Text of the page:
by Sarita Malik and C. Nwonka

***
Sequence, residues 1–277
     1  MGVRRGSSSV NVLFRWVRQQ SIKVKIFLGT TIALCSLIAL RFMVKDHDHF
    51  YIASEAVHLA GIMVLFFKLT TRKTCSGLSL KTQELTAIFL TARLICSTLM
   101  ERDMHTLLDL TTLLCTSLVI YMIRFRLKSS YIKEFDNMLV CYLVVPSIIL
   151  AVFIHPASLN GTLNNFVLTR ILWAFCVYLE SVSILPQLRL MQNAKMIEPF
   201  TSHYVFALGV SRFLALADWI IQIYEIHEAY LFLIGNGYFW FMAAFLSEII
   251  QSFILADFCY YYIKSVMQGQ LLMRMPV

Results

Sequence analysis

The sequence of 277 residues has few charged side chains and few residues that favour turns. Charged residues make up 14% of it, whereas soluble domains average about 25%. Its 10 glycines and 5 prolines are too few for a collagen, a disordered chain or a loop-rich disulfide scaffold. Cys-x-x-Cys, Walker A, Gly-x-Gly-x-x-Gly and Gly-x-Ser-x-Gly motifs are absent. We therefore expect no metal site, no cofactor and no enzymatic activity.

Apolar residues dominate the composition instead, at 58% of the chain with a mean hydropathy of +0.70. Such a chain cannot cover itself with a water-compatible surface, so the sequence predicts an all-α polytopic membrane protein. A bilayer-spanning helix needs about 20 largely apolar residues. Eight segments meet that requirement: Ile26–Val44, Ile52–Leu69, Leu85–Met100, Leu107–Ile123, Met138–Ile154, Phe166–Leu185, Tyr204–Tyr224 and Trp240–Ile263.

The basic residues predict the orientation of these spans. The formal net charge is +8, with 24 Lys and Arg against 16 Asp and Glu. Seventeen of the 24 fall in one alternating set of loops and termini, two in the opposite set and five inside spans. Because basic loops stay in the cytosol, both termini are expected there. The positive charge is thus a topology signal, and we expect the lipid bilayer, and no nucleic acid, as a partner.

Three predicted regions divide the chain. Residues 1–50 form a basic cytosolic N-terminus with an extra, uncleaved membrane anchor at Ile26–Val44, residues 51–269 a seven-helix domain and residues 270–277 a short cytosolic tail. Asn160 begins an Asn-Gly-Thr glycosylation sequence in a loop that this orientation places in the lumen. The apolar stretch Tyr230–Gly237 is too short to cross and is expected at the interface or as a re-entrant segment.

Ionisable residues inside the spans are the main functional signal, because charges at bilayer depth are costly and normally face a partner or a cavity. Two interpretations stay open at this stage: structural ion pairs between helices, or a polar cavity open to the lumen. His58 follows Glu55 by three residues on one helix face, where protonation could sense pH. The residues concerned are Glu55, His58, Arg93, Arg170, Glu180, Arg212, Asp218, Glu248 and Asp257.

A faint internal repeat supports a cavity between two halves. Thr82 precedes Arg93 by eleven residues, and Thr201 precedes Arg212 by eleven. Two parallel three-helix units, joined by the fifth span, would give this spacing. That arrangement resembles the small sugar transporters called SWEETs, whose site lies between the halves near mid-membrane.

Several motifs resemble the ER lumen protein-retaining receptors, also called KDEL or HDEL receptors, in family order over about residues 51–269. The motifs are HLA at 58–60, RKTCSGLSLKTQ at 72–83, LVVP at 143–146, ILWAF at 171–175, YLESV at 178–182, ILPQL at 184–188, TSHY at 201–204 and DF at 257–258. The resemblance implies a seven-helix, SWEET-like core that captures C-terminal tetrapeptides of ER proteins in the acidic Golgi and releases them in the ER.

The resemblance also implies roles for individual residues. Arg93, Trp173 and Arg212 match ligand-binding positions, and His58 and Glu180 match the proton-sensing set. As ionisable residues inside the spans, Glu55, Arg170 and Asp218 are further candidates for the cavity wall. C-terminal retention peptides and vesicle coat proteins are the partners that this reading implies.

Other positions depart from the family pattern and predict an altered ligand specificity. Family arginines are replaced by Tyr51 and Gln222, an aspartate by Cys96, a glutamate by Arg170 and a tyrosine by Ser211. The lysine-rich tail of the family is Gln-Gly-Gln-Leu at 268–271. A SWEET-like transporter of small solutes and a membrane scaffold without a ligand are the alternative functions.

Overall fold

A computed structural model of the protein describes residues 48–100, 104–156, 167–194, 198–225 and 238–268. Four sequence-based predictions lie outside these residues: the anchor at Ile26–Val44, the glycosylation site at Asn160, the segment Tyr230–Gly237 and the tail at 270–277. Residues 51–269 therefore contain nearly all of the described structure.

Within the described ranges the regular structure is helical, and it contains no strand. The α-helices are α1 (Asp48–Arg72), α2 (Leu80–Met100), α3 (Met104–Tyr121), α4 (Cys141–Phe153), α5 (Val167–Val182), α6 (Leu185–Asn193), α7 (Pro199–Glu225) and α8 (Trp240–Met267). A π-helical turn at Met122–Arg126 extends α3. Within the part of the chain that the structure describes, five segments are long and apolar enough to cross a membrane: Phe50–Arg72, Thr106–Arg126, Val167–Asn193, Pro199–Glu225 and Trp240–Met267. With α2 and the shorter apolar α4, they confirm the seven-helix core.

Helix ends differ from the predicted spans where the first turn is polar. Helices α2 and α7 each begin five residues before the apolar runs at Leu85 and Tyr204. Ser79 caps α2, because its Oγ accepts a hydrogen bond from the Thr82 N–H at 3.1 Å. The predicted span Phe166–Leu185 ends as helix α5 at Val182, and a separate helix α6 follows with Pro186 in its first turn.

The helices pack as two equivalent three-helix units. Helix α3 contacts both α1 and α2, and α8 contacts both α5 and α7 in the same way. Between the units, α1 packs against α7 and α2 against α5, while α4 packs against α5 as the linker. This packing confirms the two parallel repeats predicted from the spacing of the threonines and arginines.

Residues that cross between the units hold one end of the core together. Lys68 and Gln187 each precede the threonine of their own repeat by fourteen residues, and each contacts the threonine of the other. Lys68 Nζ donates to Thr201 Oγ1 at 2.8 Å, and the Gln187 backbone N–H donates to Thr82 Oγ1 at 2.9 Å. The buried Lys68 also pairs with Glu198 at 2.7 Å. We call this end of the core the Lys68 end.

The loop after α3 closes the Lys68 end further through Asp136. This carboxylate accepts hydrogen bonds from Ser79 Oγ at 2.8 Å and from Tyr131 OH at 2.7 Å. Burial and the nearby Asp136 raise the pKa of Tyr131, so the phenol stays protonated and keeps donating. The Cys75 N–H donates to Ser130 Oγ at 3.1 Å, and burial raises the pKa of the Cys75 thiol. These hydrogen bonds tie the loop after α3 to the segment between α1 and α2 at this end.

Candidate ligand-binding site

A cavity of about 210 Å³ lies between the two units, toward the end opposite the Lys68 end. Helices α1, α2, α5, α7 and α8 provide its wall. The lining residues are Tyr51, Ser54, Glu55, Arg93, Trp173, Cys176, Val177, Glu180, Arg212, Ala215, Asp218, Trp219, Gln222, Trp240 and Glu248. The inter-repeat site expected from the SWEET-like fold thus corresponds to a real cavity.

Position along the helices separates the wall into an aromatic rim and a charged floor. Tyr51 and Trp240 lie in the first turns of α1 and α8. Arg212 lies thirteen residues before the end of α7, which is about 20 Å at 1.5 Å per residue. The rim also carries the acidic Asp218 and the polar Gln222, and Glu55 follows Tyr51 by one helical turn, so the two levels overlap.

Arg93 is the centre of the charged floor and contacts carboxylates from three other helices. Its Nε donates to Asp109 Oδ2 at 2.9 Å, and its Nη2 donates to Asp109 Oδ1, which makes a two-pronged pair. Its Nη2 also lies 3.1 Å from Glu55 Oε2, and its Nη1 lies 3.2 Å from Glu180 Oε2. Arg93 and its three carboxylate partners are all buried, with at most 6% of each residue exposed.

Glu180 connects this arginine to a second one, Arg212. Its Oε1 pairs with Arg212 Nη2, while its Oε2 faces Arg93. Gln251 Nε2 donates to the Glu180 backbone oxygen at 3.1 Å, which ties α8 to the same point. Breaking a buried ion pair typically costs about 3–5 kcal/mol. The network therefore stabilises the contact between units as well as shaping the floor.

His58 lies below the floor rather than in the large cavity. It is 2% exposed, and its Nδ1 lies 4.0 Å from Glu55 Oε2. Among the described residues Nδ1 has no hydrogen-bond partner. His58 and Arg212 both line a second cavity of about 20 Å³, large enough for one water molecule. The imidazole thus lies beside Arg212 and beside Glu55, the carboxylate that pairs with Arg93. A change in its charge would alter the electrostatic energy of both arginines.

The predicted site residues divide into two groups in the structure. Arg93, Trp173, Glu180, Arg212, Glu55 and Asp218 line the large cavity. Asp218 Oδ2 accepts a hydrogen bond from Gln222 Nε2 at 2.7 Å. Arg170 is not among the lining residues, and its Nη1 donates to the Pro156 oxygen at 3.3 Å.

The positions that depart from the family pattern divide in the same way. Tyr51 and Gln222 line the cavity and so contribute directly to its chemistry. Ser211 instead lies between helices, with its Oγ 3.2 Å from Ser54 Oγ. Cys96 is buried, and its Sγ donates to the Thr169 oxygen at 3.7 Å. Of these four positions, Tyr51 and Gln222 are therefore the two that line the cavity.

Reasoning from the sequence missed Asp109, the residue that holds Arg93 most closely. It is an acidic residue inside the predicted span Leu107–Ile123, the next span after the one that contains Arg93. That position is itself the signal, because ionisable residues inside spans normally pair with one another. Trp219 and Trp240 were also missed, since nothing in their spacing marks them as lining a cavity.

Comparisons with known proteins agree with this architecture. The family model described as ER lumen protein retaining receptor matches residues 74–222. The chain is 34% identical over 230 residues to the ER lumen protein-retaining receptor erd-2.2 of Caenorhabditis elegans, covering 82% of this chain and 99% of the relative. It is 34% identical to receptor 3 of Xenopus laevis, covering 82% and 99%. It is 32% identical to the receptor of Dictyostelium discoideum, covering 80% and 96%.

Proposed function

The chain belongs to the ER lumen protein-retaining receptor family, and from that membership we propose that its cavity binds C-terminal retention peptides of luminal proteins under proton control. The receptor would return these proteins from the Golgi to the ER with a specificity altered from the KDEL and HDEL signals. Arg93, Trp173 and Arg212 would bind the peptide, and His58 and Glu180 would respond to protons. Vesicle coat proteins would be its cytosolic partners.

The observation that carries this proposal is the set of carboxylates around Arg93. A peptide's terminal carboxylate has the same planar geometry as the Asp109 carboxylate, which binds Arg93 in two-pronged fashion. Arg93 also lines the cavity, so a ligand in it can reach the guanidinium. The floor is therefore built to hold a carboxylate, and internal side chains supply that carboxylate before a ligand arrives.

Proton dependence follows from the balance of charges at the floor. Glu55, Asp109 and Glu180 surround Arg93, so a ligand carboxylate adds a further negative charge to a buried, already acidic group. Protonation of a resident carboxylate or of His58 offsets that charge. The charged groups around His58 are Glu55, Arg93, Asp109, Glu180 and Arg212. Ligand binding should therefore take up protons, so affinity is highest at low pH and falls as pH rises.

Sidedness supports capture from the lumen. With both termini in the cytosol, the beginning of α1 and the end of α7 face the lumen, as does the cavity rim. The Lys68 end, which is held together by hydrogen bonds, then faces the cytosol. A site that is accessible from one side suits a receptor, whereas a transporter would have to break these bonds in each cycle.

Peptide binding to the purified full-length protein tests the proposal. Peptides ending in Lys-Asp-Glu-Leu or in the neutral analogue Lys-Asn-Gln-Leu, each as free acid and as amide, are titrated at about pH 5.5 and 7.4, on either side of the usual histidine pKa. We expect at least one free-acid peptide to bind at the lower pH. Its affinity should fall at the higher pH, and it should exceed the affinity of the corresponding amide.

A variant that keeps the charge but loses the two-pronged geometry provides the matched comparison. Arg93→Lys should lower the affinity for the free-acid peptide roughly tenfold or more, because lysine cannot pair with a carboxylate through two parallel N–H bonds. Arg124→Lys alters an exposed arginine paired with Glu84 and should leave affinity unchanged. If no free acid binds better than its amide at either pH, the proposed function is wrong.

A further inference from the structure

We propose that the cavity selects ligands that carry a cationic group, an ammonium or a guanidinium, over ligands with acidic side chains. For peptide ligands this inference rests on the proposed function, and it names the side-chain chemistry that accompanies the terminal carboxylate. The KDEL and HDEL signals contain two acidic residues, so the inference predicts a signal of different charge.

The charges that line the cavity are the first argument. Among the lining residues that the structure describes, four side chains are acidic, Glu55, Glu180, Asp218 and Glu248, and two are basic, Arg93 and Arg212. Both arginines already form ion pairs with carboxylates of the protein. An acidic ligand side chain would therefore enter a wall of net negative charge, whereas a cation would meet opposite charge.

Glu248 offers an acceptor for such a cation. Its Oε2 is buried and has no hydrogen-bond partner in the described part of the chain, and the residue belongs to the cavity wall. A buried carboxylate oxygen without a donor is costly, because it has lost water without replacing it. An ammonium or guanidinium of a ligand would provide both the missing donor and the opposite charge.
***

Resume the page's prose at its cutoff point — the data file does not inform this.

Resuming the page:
This paper discusses the ways in which in the early 2000s, a new form of multicultural television drama began to emerge in the UK, exploring contemporary gang life within Britain’s black communities. A notable example of this ‘black urban crime’ genre is Top Boy, the two authors argue, screened by the UK’s leading multicultural public service broadcaster, Channel 4, between 2011 and 2013. This article produces an analysis, drawing on sociological and media studies perspectives, and through historicization and contextualisation, that seeks to understand the fascination of the black urban crime genre for programme-makers, broadcasters and audiences in the contemporary British mediascape. It locates Top Boy at the intersection of complex media relations and modes of production that are themselves intertwined with political, legislative and cultural agendas tied to post-multiculturalist and neoliberalist tendencies within public service broadcasting frameworks. The article suggests that black urban crime narratives do not advance understandings of the organizational structure of urban gangs or drug related crime that are so central to these texts; nor do they offer a progressive contribution to contemporary debates or representation of black criminality.

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